What Do I Do If I Am Accused of Burglary? (PC 459)

What Do I Do If I Am Accused of Burglary? (PC 459)

If you find are accused of burglary, you will likely be scared or worried. Our law firm has been defending clients accused of burglary for more than 35 years. Here is what you do should do if you’re accused of burglary: Understanding the Crime of Burglary (PC 459) Under California Penal Code Section 459, burglary is when you enter a structure with the intent to commit a felony. Burglary is…

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What is Attempted Burglary? (PC 459 & PC 664)

In criminal law, an attempted crime is one in which a person tried to commit a crime, but was unable to complete the act. Under California Penal Code Section 21a, you have committed an attempted crime if: You specifically intended to commit a crime; You performed a direct action toward committing the crime; and The action you performed was ineffective toward the commission of the crime. With that background in…

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What are Burglary Tools? (PC 466)

Under California Penal Code Section 466, it is illegal to possess a burglary tool when you do so with the intent to use the tool to commit the crime of burglary. This crime seems straightforward, but the term “burglary tool” may not be familiar to you. What are burglary tools? Our experienced burglary defense lawyers have been successfully defending clients facing charges for possession of burglary tools for more than…

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Lack of Intent as a Defense in Burglary Cases (PC 459)

Under California Penal Code Section 459, the prosecution must prove all of the following elements in order to convict you of burglary: You entered an inhabited home or a room inside of an inhabited home, and You entered the inhabited home or room with the intent to commit theft or another felony Intent is what makes proving the crime of burglary complicated for the prosecution. Let’s say you were in…

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is burglary a felony

Is Burglary a Felony or Misdemeanor? (PC 459)

The crime of burglary is defined under California Penal Code Section 459 as entering a building, home or other structure with the intent to commit theft or a felony offense once inside. How you will be charged if you are accused of burglary depends upon the circumstances of your case. Let’s examine when burglary is a felony crime and when it can be charged as a misdemeanor. The Two Types…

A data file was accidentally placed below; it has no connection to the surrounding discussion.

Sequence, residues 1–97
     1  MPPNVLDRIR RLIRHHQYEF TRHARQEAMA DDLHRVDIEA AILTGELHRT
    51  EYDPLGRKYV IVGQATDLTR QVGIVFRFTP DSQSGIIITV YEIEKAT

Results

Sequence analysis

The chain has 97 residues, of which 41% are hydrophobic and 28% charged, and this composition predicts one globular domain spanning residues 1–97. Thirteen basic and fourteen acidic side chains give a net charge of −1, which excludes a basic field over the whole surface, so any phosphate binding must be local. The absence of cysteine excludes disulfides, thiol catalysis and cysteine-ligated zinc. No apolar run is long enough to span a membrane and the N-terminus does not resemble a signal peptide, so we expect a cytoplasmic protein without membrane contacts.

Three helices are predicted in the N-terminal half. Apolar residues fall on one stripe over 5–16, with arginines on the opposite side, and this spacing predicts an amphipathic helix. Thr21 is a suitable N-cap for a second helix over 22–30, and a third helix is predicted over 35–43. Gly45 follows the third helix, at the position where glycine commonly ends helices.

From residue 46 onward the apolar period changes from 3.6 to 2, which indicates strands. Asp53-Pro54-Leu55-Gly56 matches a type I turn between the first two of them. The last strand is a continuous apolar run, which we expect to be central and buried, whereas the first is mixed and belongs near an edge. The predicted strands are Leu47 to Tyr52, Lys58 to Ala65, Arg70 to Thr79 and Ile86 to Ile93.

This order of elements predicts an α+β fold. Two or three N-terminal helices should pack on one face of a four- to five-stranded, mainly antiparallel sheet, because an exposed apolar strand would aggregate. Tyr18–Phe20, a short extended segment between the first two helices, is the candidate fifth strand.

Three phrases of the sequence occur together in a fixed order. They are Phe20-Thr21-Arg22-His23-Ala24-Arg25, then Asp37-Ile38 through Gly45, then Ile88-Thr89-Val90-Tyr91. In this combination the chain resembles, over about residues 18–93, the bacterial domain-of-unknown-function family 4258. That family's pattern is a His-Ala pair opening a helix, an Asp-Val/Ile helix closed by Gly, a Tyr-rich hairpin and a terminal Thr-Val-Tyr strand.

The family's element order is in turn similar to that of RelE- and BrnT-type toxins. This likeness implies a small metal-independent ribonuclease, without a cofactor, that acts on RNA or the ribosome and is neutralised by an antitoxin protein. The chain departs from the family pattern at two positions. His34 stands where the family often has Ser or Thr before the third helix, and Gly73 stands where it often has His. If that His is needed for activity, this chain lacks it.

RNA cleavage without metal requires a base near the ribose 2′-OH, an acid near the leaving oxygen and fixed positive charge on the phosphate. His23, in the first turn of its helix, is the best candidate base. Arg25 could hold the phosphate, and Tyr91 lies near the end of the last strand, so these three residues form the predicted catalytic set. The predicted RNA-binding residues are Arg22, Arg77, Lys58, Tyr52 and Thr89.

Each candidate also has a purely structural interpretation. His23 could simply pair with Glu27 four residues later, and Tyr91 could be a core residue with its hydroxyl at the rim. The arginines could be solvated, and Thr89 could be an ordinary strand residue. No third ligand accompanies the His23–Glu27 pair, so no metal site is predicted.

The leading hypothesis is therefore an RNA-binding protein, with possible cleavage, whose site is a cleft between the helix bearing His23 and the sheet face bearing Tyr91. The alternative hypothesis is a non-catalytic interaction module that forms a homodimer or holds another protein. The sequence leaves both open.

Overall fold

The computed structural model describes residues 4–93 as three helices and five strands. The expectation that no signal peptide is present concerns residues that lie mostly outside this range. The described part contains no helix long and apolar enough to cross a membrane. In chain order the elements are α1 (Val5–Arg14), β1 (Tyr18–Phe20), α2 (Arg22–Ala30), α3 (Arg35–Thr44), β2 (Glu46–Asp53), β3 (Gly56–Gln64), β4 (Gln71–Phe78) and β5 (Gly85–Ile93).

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How California Law Distinguishes Burglary Offenses

Summer in California is associated with beaches, vacations and fun. According to reports, the summer months also bring an increase in crime. Burglary reportedly increases 11 percent during the summer. Whether it takes place during the summer or during the coldest night in the winter, burglary is a serious offense in California. Let’s take a closer look at the crime of burglary and how it is prosecuted under California Penal…

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What is the Difference Between 1st and 2nd Degree Burglary in Los Angeles?

California Penal Code 459 defines burglary as breaking and entering a structure with the intent to steal or commit a felony. A structure could include a residence, a business, a cargo container, or even a tent or a storage unit. That is the basic definition of burglary in California, but what makes a burglary a first-degree burglary, and what makes it a second-degree burglary? The answer has to do with…

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burglary in California

The Dangerous Consequences of Burglary

In the wake of the December 2015 mass shooting in San Bernardino, President Obama and other lawmakers around the country have called for a renewed commitment to tighten gun laws. Of course, the effect of this has been that gun sales have increased across the United States.1 In California, sales have greatly increased since the San Bernardino shootings, with 134,000 sales following the shooting. Californians have purchased between 800,000 and…

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Can You Be Arrested for Burglary If You Didn’t Take Anything? (California Penal Code 459)

Many people believe that you must actually take something in order to be convicted of burglary. It's a perfectly valid assumption since the idea of a burglary brings to mind a person physically taking someone else's possessions. However, this is not the case. You can be arrested for burglary even if you didn't take anything. California Burglary Law (Penal Code 459) California Penal Code Section 459 defines burglary as breaking…

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Can You Be Charged With Burglary When You Didn’t Commit the Act of Burglary?

You know your neighbors are going to be gone on vacation. You also know that they have valuables worth stealing. But instead of going in to burglarize the residence, you call an associate and give them the information, and they burglarize the residence. Your friend is later arrested and names you as the person who gave up the information used to plan the burglary. Can you also be charged with…

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